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Aug 10

I haven’t flown in a lot of years. I hate lines, I hate large groups of people, I hate being searched, I hate being presumed guilty until proven innocent, and I think hurling to my death from 2000 ft knowing survival is not gonna happen would be the absolute worst way to die. So, on the flight to St Louis for the WISPA Regional Meeting, I entered a sweaty, heart-poundy, semi-zombie trance state for an hour and a half, clutching the armrest on one side with both hands and quietly chanting, “We’re all gonna die, we’re all gonna die, we’re all gonna die…”

Even stewardesses tend to avoid me on flights.

And then we landed. I was kind of hoping I’d see the Arch on the way in, but I didn’t. All I saw was the Missouri River flooding part of the city… and, let me tell you, it was kind of cool!

So, the boss and I get on a shuttle bus to the Renaissance Hotel, which we are staying at and where the conference is. Little do I realize at this point how close that hotel and I are about to become. I’m still under the illusion that I’m going to get to see the city… hahaha… foolish illusion.

Renaissance,airport,hotel,st louis

So, we get into the hotel, check in, put our crap in the room (which I am sharing with the boss… and sharing hotels rooms with dudes makes me uncomfortable… but I know that my ability to explode eardrums with my snore will prevent any future sleeping arrangement similar to this), and go check out the conference area. There are already WISPA dudes working on putting together welcome packets and I am quickly recruited to help.  Stuffing packets turns into checking in attendees as they arrive turns in to many hours sitting at a stinking table in front of a stinking computer looking out a stinking window at a stinking fountain.

Renaissance,airport,hotel,st louis,fountain

Oh, I know, “that’s a pretty cool fountain,” you may be saying to yourself. Yeah. it was… for about the first five hours staring at it.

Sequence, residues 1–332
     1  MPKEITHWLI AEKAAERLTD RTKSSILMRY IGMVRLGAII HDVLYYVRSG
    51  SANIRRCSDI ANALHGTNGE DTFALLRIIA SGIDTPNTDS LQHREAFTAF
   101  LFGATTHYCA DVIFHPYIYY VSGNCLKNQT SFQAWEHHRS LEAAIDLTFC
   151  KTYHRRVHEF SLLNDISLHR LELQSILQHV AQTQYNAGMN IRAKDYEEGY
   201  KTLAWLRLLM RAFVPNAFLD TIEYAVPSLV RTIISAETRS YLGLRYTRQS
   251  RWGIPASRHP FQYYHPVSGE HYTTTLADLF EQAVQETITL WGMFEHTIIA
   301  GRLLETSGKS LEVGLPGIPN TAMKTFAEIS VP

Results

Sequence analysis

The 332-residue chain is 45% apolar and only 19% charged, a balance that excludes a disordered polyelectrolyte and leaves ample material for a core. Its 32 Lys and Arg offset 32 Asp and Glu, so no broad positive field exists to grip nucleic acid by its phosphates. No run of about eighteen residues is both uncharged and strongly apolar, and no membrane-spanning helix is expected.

So, we had arrived in St. Louis around noon and it was pretty much sitting at that table in the “prefunction area” (i.e. the hallway outside the concourses) until around 8 or 9 at night.

prefunction area

Around 7pm, a group of people talked one of the hotel shuttle drivers into a trip to go see the Gateway Arch (something they apparently don’t do, but for the right amount of tip…)… and I needed to man the WISPA table, so actually seeing the Arch wasn’t in the cards for this trip to St. Louis… maybe next time. It only took me 40 years to make it to St. Louis the first time… so maybe when I’m 80 (me, live to be eighty… hahaha) I may make it back to St. Louis to see that arch.

After a supper of what tasted very much like overcooked Freshetta pizzas at the meet-and-greet (which I enjoyed from the WISPA table while staring at the fountain)
Renaissance,airport,hotel,st louis,fountain
I was finally allowed to shut down the WISPA table for the day.

Next morning, back to the WISPA table, checking people in, selling tickets, registering new members, selling shirts (yeah… selling shirts), and once again I have a lovely view for the day.
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Renaissance,airport,hotel,st louis,fountain

Lunch rolls around, and all the WISPA dudes and attendees go to the 13th floor for lunch. Of course, I’m asked to man the WISPA table through lunch. I do, and lunch is brought to me… I think it was a bologna sandwich. So far, I’m loving St. Louis!